Tried to reconcile Hindus and Muslims and establish harmony between the two sects.
He is regarded as the greatest of the Mystic saints and his followers were called Kabirpanthis.
Guru Nanak was influenced by him.
Bijak is the best known of the compilations of the compositions of Kabir.
Nirguna Bhakti saint.
Opposed to all distinctions of caste as well as the religious rivalries and rituals and preached unity of god and condemned the formalism and ritualism of both Islam and Hinduism.
Laid great emphasis on the purity of character and conduct as the first condition of approaching god, and the need of a guru for guidance.
Advocated middle path like Kabir.
He was a saint from Gujarat.
His ashrmas were known as Thambas around the region.
Akbar was a follower.
Devotion to god should transcend religious or sectarian affiliation, and that devotees should become non-sectarian or nipakh.
Wrote Ramacharitamansa, popularly called Tulsi-Krita-Ramayana.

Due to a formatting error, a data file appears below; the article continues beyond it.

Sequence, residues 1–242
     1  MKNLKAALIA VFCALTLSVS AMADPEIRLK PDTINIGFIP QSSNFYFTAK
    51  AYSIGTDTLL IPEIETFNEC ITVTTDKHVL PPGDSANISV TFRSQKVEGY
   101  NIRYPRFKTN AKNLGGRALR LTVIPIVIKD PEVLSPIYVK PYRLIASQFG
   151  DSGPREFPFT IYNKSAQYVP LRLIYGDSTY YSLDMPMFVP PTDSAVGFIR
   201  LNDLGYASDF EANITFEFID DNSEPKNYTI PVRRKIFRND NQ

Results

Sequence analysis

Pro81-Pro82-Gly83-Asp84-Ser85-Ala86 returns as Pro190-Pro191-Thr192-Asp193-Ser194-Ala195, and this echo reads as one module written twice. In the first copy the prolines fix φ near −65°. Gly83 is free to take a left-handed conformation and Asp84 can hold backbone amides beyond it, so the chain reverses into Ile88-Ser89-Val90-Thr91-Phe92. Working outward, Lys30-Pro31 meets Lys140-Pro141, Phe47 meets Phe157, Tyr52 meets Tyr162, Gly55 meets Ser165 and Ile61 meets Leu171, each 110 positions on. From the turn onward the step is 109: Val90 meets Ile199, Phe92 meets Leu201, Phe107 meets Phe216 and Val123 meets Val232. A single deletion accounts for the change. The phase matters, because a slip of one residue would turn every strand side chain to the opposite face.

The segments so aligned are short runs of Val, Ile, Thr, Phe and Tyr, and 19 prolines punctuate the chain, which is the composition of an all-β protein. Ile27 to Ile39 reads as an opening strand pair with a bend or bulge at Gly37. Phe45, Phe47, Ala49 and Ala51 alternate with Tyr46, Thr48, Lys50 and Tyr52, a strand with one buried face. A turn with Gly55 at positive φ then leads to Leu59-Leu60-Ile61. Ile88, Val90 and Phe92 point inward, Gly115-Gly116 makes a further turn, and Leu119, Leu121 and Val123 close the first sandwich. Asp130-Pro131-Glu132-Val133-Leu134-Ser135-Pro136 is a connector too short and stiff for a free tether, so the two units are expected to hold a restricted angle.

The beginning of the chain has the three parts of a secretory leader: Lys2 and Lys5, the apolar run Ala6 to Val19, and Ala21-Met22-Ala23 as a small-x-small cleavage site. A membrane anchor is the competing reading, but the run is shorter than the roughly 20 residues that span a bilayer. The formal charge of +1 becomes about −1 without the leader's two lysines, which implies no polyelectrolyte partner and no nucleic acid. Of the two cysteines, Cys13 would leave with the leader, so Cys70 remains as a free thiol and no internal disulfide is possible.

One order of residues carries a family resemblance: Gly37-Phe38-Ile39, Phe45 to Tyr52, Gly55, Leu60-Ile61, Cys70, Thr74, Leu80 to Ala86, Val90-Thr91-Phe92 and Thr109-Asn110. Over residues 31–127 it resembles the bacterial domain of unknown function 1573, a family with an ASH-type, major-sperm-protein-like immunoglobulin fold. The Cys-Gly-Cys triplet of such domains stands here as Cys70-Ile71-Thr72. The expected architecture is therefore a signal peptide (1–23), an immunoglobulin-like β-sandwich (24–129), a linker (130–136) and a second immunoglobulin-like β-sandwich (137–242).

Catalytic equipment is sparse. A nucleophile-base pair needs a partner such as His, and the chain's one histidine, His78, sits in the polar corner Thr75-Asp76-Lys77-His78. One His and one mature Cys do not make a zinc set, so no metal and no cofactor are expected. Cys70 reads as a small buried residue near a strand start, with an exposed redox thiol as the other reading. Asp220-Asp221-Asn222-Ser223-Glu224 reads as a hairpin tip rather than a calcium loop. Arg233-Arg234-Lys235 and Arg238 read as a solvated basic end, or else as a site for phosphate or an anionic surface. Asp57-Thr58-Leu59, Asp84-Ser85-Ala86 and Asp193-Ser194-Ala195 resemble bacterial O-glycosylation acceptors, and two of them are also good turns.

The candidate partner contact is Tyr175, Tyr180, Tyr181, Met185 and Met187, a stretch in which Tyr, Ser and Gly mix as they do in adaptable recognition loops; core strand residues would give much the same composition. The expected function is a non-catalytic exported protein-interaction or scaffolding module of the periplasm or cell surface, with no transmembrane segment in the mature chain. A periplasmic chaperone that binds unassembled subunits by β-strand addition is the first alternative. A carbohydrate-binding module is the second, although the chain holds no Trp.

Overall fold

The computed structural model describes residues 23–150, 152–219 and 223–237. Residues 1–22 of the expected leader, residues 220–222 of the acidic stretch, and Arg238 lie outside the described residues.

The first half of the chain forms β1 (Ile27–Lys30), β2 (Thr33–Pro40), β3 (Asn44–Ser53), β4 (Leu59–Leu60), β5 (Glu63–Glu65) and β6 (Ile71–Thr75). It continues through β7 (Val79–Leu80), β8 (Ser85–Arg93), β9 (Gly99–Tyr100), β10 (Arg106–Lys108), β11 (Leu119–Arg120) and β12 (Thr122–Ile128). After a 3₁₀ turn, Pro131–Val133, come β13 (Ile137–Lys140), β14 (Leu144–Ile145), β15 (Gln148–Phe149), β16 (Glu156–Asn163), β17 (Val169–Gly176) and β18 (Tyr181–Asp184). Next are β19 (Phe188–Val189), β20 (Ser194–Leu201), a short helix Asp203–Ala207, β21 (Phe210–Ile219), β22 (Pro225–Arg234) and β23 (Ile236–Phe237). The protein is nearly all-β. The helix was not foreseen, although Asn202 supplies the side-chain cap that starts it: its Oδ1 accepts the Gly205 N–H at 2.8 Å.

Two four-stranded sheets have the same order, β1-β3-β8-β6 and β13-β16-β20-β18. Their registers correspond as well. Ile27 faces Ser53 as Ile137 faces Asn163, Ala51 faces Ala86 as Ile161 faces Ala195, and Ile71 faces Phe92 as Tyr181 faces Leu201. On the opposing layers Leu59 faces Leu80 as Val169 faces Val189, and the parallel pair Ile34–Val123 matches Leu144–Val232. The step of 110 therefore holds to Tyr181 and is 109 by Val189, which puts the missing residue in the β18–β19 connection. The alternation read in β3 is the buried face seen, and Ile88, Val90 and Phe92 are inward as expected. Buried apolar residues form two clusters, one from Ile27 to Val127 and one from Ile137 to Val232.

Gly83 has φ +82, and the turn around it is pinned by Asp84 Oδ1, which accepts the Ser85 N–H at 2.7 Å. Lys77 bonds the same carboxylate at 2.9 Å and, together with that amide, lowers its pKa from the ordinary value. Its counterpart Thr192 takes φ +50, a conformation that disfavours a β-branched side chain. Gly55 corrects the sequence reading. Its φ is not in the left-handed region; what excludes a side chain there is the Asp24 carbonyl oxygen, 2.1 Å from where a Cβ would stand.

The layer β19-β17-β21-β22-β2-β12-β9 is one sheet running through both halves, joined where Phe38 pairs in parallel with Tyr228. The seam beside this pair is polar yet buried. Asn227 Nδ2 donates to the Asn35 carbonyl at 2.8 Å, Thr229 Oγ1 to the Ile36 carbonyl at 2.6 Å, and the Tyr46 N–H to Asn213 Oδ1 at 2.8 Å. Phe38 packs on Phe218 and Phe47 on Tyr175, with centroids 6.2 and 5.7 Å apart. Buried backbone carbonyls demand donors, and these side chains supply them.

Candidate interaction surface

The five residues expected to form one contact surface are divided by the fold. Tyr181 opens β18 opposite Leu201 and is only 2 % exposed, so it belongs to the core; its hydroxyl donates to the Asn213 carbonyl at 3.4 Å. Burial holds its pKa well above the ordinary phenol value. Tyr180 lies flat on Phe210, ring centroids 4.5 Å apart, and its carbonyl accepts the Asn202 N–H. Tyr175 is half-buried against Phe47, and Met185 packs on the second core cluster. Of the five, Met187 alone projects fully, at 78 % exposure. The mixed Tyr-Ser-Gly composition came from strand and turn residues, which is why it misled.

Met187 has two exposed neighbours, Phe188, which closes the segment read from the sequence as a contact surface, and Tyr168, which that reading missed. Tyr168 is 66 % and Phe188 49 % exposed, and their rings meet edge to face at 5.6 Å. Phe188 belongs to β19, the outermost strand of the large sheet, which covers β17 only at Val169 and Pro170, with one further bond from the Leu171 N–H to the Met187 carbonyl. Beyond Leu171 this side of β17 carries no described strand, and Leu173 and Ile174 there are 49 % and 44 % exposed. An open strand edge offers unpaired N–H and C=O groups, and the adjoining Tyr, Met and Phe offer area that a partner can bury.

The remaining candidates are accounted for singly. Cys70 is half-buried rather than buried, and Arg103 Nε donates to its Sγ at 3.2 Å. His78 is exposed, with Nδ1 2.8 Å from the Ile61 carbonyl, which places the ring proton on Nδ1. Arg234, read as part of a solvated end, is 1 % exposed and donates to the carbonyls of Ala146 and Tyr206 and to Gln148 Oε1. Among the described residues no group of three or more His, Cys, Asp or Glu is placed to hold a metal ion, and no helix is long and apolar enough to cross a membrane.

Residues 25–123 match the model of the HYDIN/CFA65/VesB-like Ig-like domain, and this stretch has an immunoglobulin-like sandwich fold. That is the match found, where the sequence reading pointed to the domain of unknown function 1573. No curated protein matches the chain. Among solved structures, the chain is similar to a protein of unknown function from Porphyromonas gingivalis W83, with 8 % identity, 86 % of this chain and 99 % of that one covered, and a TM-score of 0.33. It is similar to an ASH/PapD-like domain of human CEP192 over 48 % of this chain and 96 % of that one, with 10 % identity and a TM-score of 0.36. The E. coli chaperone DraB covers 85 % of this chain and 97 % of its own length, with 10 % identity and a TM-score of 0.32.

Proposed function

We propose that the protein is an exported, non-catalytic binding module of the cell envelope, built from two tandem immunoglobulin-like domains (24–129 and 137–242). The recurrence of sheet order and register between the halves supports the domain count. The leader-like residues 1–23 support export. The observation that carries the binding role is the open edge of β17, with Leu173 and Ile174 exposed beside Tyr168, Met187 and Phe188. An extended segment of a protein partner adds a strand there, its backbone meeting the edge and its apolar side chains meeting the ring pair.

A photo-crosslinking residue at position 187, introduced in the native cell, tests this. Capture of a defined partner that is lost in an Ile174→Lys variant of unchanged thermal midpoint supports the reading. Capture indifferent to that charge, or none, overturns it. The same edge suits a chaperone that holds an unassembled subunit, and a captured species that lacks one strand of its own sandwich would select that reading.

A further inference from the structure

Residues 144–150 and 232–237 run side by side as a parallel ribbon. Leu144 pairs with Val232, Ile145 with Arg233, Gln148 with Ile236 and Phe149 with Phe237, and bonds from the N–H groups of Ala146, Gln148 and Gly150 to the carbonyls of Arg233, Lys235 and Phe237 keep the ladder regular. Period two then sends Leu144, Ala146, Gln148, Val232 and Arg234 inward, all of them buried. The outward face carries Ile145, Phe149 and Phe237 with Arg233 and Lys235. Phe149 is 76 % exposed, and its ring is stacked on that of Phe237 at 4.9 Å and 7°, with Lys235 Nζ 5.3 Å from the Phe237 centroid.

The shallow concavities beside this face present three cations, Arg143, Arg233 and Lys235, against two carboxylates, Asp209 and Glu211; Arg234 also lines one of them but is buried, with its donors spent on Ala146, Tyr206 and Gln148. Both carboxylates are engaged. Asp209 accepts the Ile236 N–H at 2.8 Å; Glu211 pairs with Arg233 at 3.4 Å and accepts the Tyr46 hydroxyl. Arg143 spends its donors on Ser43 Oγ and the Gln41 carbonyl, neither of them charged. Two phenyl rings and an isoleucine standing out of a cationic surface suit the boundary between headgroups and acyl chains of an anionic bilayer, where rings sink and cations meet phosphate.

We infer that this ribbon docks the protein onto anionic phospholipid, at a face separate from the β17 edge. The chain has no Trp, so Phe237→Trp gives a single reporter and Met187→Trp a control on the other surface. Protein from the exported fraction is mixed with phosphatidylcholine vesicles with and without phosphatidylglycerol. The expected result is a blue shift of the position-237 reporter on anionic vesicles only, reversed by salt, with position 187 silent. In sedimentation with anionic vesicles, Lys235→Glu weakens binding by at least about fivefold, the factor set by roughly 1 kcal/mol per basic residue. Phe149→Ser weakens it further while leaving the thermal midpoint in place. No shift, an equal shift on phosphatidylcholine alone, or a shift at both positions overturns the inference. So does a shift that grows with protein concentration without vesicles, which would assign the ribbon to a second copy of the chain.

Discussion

He portrays Ram as all virtuous and all powerful, the lord of the world and the very embodiment of the Supreme Reality.
Founded the Radha Ballabhi sect.
Wrote Sur-Sagar in Braj Bhasha.
Jayadeva Gita Govinda
Social reformer of Bengal, who popularised the Krishna cult in 16th century.
Bhakti movement in Bengal began to develop into a reform movement as it questioned social division on the basis of caste.
Popularised Sankirtan/Kirtan system.
Renounced the world, became an ascetic, and wandered all over the country preaching the ideas.
Proclaimed the universal brotherhood of man and condemned all distinction based on religion and caste.